The U.S. House has passed a bill that could help protect the 2030 census and other future head counts from political interference. But it's not clear how much support the bill has in the Senate.
New population estimates out today include information on age, race, and ethnicity in American counties and cities for the period up to July 2021.
COVID-19 and interference by former President Donald Trump's administration have made it harder to pinpoint the accuracy of the numbers used to redistribute political representation and federal money.
When officials in Chester, Georgia, heard that the 2020 census had pegged their small town at 525 people, their jaws dropped; they believed the town was almost triple that size. Chester and two other small municipalities in Georgia are the first communities in the U.S. to challenge the accuracy of their numbers from the once-a-decade head count that determines political representation and federal funding.
The email details the scope of the former administration's attempts to tamper with the count, including pressuring the Census Bureau to alter plans for protecting privacy and producing accurate data.
After COVID-19 disruptions and Trump administration interference, last year's national head count may have undercounted people of color at higher rates than in 2010, an Urban Institute study finds.
A final round of door knocking for a follow-up survey is now set to last until early 2022, raising concerns about whether the bureau can determine which groups were undercounted in the 2020 census.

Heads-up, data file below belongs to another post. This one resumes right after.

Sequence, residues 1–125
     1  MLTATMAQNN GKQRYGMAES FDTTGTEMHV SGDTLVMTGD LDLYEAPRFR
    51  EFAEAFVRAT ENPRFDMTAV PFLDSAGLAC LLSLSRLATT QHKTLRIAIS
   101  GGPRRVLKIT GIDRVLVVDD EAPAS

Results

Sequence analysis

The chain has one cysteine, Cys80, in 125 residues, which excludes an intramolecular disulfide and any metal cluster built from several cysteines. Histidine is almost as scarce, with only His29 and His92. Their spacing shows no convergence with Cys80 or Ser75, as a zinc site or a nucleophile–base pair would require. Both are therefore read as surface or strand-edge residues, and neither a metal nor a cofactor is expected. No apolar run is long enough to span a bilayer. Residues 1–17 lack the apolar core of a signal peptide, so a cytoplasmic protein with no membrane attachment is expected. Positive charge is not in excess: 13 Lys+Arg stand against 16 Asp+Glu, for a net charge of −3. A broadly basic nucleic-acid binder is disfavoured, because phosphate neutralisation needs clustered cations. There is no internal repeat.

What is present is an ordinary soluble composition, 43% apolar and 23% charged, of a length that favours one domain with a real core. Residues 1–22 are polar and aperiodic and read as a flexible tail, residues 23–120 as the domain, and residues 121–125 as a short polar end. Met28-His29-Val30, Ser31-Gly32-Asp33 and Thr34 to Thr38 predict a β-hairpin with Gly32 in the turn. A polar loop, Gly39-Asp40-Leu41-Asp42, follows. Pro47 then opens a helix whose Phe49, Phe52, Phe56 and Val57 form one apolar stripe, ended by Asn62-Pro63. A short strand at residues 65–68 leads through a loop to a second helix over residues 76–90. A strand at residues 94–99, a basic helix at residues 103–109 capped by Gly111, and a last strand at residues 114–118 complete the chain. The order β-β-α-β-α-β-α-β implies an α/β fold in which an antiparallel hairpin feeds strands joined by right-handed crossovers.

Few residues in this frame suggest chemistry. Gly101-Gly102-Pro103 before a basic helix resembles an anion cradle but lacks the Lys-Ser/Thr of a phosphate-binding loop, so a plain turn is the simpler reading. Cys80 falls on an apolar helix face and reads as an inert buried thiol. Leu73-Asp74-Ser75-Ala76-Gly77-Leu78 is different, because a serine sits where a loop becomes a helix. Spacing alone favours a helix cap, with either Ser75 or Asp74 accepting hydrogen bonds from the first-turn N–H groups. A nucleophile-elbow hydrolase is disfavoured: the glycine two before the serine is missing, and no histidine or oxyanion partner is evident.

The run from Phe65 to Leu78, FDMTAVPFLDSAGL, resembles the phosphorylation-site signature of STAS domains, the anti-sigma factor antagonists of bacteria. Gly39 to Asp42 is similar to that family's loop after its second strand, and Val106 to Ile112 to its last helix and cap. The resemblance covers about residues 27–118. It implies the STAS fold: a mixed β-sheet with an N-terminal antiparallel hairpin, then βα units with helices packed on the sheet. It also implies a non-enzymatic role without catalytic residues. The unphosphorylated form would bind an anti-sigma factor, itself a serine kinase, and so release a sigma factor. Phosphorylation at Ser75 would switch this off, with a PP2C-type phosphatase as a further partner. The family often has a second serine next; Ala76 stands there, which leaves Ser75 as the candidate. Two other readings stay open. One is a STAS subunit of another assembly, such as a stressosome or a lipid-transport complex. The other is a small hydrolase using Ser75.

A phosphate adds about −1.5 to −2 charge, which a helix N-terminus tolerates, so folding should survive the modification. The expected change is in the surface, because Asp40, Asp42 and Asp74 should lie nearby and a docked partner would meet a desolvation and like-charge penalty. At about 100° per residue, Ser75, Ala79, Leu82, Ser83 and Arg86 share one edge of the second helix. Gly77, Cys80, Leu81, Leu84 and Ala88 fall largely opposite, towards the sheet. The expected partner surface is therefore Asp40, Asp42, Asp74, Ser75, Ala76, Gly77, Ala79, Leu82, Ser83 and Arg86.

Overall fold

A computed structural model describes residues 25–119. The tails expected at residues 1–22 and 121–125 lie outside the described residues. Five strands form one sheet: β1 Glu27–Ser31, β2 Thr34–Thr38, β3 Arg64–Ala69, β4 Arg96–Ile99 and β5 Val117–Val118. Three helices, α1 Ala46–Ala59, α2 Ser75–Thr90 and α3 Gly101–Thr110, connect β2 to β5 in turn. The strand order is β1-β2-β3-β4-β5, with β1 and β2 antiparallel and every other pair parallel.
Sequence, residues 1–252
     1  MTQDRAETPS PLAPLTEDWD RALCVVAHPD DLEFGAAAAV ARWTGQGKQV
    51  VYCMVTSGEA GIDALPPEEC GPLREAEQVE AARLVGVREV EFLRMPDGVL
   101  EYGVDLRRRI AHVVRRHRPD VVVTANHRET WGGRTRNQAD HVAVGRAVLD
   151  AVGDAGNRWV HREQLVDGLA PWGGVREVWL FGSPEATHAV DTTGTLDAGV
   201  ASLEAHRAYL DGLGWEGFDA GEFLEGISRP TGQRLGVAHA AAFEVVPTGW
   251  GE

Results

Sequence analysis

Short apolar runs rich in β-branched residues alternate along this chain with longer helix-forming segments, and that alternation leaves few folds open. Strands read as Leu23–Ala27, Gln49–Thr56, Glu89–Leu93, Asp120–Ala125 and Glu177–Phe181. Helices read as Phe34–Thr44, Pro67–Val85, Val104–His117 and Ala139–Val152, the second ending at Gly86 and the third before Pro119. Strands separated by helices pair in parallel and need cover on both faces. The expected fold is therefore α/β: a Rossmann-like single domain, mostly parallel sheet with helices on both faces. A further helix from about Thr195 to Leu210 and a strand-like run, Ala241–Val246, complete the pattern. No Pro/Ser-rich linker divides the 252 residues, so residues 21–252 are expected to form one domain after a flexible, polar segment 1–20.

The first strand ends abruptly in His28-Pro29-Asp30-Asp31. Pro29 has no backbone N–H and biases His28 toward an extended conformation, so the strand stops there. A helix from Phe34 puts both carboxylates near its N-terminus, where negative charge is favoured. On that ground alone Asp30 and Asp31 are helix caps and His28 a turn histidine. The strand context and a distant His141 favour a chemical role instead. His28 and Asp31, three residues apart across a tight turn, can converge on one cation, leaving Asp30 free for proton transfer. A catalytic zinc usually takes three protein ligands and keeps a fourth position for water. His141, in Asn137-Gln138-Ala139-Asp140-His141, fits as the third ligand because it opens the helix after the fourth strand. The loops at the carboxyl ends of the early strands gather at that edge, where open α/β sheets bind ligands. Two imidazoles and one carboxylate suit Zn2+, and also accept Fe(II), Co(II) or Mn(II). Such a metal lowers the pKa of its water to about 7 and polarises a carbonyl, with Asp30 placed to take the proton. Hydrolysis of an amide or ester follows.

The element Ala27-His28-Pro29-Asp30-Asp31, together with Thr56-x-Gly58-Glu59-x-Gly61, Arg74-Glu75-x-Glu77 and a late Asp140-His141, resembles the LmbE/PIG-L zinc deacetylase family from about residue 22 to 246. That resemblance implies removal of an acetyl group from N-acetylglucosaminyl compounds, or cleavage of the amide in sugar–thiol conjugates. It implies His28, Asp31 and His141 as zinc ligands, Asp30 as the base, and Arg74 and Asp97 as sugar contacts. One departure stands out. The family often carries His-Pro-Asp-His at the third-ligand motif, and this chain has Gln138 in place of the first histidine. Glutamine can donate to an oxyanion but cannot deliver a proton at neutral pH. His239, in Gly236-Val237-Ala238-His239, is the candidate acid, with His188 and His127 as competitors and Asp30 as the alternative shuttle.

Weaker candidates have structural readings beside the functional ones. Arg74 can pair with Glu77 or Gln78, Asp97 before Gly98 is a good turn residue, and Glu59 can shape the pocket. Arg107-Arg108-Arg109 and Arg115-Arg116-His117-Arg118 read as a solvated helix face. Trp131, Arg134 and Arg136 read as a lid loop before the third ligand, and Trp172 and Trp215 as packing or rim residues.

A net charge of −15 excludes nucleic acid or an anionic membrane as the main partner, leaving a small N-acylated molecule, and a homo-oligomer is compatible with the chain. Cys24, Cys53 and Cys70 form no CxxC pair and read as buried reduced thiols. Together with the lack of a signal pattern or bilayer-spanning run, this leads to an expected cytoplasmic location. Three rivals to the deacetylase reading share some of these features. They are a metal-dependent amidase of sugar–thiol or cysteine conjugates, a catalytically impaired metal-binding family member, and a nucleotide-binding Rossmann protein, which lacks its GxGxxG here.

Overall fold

Growing numbers of Latinos turned a mysterious census category into the country's second-largest racial group. Researchers say that makes it harder to address racial inequities over the next decade.
Genetic ancestry tests, changes to how census responses were categorized and more children born to parents who identify with different racial groups led to a 276% jump in the multiracial population.
The white population is still the largest racial group in the U.S. Whether it is declining depends on how you define "white." Narrow definitions, researchers warn, can be misleading and dangerous.
Minority groups' ability to spend on consumer goods outpaces the national average. That has many businesses scrambling to market their products in a new way. These trends are detailed in a new analysis by the University of Georgia. Report author and economist Jeffrey Humphries, Director of Economic Forecasting at the Terry College of Business, joins GPB's Rickey Bevington to break down his findings.
When Georgia lawmakers convene this fall to draw new legislative boundaries, they will bring a political eye to the process, colored by partisanship and a distinct self-interest in the outcome.
On today's show, new data from the U.S. Census Bureau reveal a dramatic decline of population in rural Georgia. The news suggest a major shift in political power in the state is underway and will play a major role when legislators begin their redistricting session in the coming months.
Tuesday on Political Rewind: Gov. Brian Kemp says he’ll ask the General Assembly to pass laws to fight crime during a special session of the legislature later this year. The session’s primary mission will be to redraw political maps based on new census data. But Kemp has the power to add measures to combat violent crime, especially in Atlanta, to the agenda.
Plus, we look at the outcome of the U.S. Senate field hearing examining Georgia’s new voting law.
For more than 200 years, the census was overseen by white leaders. Holmes' 1998 stint as acting director blazed a trail for Biden's pick, who may become the count's first permanent director of color.